27. f3 f5 I expected 27... Rgh6 here or on the next few moves 28. exf6 gxf6 29. a4 f5 30. Re5 a6 It seems like Black still has an edge after 30...Nd3 31. Kxg2 Nxe5 32. dxe5 f4 but White has some compensation 31. axb5 axb5 32. Ra1 Kb7 33. b3 cxb3 34. Nxb3 Now White has counterplay against Black's king 34...Nh4 35. Nc5+ Kb8 36. Kf2 Nh3+ 37. Ke2 f4 spurning the repetition 37... Nf4+ 38. Kf2 Nh3+ 38. Nge4 Rg2+ 39. Kd3 Surprisingly Black doesn't seem to have a way to finish off White's king here and now the Black king gets into some hot water 39...Nxf3 40. Rxe6 Rd8? 41. Re7 Ne1+ 42. Rxe1 f3 43. Rb7+ Kc8 44. Ra1 [1:0]

10/17/06 - Tennessee 0.5 :: Boston 3.5

It was another frustrating and puzzling night for the Tennessee Tempo last Wednesday in the US Chess League. We had our first out of conference match against the East-leading Boston Blitz. On paper, it looked like it should be a fairly competitive match. Boston did not use their double-barreled GM lineup of Christiansen and Perelshteyn and we outrated them on the bottom two boards. However, in the end we were left once again scratching our heads trying to figure out how we had yet again barely avoided getting swept.

The week started a bit ominously as late Sunday night I came home to find a message on my answering machine from commissioner Greg Shahade hoping that he had found the right phone number for me as he hadn't received our lineup from Todd yet and was unable to contact anyone at the numbers he had. I checked my email and saw that the situation had not been resolved so without further information sent in our top 4 lineup. The delay resulted in a 5 minute penalty on all of our boards and would have been a 15 minute penalty if it had been much later.

The time didn't seem to be a problem, though, as we all quickly caught up on the clock. Ron looked to have a fairly even position versus GM Christiansen on Board 1, but blundered a pawn to a simple tactic in the ending. FM Kelleher sacrificed a pawn in the opening against Todd on Board 2 for some pressure. He got the pawn back and kept the pressure. Todd gave up another pawn and it looked like Kelleher was on the road to victory when he stumbled into perpetual check giving Todd his first half-point of the season. It like something went wrong in the opening for Jerry on Board 4 versus NM Krasik, but he managed to stir up some chances before finally going down.

I had White on Board 3 against NM Charles Riordan. This was my worst game in a long time, I was totally unrecognizable. 1. d4 Nf6 2. c4 e6 3. Nc3 Bb4 4. Nf3 O-O 5. Bg5 b6 6. Nd2 Bb7 7. f3?! This doesn't work out too well with Black's dark-squared bishop on the board. Better is the normal 7. e3 as played in this position by Kasparov with h6 and Bh4 thrown in. If White is in the mood for adventure, he could try the speculative sacrifice 7. e4 h6 8. Bh4 g5 9. Bg3 7... h6 8. Bh4 d5 9. a3 Be7! see the note to White's 7th move. 10. e3 c5 11. dxc5 bxc5 12. Qb3 Bc6 13. Be2 Nbd7 14. O-O d4 15. exd4??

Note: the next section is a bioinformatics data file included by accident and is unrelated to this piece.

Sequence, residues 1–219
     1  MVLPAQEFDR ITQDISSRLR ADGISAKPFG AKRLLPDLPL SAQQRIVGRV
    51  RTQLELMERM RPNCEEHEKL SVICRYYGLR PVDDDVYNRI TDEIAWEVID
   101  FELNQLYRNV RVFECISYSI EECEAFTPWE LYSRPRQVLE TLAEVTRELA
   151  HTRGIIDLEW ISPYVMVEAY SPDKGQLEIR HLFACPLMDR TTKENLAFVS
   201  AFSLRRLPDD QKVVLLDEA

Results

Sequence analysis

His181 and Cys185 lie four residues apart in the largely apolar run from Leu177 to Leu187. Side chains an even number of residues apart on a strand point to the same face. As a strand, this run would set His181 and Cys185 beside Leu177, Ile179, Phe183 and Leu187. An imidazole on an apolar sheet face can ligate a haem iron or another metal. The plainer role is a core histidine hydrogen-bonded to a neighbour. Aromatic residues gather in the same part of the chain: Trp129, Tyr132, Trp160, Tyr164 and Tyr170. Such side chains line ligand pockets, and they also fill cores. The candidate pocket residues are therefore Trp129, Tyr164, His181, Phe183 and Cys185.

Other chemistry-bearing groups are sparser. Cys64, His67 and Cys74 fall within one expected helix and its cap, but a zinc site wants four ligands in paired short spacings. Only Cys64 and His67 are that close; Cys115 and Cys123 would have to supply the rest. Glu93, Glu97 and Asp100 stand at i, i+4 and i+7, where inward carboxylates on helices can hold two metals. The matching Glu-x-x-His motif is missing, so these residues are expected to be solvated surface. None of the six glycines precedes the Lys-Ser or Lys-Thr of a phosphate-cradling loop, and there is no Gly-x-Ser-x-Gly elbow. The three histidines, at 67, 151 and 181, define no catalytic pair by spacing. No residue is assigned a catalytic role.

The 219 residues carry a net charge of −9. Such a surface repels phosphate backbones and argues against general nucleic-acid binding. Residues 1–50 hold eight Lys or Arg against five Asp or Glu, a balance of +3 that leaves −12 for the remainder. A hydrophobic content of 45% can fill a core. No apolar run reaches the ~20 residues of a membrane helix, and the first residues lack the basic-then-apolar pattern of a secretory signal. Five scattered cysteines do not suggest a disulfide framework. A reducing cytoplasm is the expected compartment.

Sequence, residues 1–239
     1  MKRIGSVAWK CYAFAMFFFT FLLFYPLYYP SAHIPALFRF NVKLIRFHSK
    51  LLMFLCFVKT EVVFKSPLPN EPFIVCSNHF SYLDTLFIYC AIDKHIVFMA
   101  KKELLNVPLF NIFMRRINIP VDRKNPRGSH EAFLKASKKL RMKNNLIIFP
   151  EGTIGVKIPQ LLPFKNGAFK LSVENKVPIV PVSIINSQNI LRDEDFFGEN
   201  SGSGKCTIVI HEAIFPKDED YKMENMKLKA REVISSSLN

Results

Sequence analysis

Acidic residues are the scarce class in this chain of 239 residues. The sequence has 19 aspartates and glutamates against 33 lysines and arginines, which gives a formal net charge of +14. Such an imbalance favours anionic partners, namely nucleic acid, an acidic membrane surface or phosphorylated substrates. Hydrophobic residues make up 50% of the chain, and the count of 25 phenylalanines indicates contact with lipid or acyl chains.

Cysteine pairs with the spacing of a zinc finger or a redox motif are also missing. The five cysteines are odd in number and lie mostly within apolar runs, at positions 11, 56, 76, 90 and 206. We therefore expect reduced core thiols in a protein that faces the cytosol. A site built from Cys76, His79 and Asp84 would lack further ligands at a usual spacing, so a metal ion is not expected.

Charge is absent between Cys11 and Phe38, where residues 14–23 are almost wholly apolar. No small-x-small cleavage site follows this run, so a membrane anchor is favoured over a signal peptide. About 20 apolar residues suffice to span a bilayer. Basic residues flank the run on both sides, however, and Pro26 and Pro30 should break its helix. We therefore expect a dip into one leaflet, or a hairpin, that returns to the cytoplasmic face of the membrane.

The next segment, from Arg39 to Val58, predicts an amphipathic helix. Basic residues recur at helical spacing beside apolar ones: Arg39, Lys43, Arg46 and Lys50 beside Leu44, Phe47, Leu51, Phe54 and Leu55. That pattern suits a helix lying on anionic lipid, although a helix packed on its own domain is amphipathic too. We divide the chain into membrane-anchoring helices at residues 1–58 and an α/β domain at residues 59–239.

A total lemon after which White is pretty much lost. I had intended 15. Nd1 when White's position is still nothing to write home about but decided to throw in the capture first in order to have b2-b4 available. I just totally blanked out the fact that his pawn on c5 was preventing Nd7-c5. 15... cxd4 16. Ncb1 Now, White loses a piece after 16. Nd1 Nc5 17. Qc2 d3; 16. Nce4 Nxe4 17. Bxe7 Nxd2 is also horrid. The engine suggests 16. Bxf6 when all of Black's recaptures look pretty good and he will have the bishop pair on top of all of his other pluses. The rest of the game needs no comment. 16... Nc5 17. Qa2 a5 18. Bf2 Rb8 19. b3 e5 20. a4 Nfd7 21. Qc2 Bg5 22. Re1 Be3 23. Bxe3 dxe3 24. Nf1 Nxb3 25. Ra3 Nd4 26. Qc1 f5 27. Nxe3 f4 28. Nf1 Nxe2+ 29. Rxe2 Qb6+ 30. c5 Qxb1 31. Qc4+ Rf7 32. Rd2 Qb4 33. Qa2 Nxc5 34. h4 Bxa4 35. Rd6 Bb3 36. Qa1 a4 37. Qc1 Ne6 38. Rc6 Nd4 39. Rc8+ Rf8 [0:1]

10/9/06 - Tennessee 1 :: Dallas 3

The Tennessee Tempo started the second half of the US Chess League season last Wednesday with a loss to the Dallas Destiny. We had high hopes for this match as Dallas was the only team we have scored against so far this season. Todd Andrews was back in the lineup on board 2 after sitting out a week, so I was back to my usual third board with Ron Burnett again manning the top slot. Based on his victory the week before, Gerald Larson earned another shot on Board 4. Both Todd and Gerald had attacking chances against their opponents kings, but neither turned out to be enough. Ron looked to have a very promising position after an exchange sacrifice, but only managed perpetual check. I sacrificed a pawn in the opening and seemed to have full compensation throughout, but my opponent defended well and may have had some chances in the ending.

My opponent this week was FM Igor Schneider. I had White and we blitzed through the opening moves. 1. d4 d5 2. c4 e6 3. Nc3 c6 4. e4 dxe4 5. Nxe4 Bb4+ 6. Bd2 Qxd4 7. Bxb4 Qxe4+ 8. Be2 Na6 9. Bc3 Ne7 10. Bxg7 Rg8 11. Bc3

He really slowed down after this move. Undoubtedly he was prepared for 11. Bf6 which I had played against his brother Dimitry in a tremendous struggle at the 2002 US Masters. 11...Qxg2 12. Qd2 Qg5 Declining the challenge of 12...Qxh1 13. 0-0-0 with an attack 13. Nf313. Qxg5 Rxg5 was another alternative followed by developing the knight with tempo to either f3 with a further eye on e5 or d2-e4 or to h3 with the idea Nf4-h5 hitting f6. 13... Qxd2+ 14. Nxd2 Nc5 15. b4 Na4 16. Be5 Ng6 17. Rg1 f5 18. O-O-O 18. c5 was a suggested improvement with the idea of keeping Na4 out of the game and potentially playing Nc4-d6 18... c5 19. b5 Bd7

20. Bh5 It looks like a better way to preserve Be5 is 20. Rg3 O-O-O 21. Rdg1 and White also keeps the bishop pair and Rg3 can swing along the third rank 20... Ke7 21. Bxg6 Rxg6 22. Rxg6 hxg6 23. Rg1 Be8 24. Kc2 a6 25. bxa6 Rxa6 26. f4 Nb6 27. Kb3 Nd7 28. Bc3 Rd6 29. Kc2 Nf6 30. h3 b5 This seems a bit premature, why give up the g-pawn? 31. cxb5 Bxb5 32. Rxg6 Nd5 33. Be5 Nb4+ 34. Kd1 Rd3 35. Rg7+ Kf8 36. Rh7 Rg3 37. Rh8+ Kf7 38. Rh7+ Ke8 39. Nb3 Rg1+ 40. Kd2 Rg2+ 41. Kd1

41...Rxa2 41... Nd3 looks like the last chance to push for a win, now the game dries up 42. Nxc5 Be2+ 43. Ke1 Nd3+ I thought he might try a last trap 43... Rc2 44. Nxe6?? Nd3# but 44. Bd6 is fine 44. Nxd3 Bxd3 45. Rh8+?! Declining his draw offer. My clock was very low here, so I thought I'd play 2 quick moves to gain a minute, but this lets his king out. Better was 45. h4 but it is still a draw. 45... Kd7 46. Rh7+ Kc6 47. h4 Kd5 Now I have to take a small bit of care that he doesn't just walk to e3. 48. Re7 Re2+ 49. Kd1 Rh2 50. Bf6 Be4 [½:½]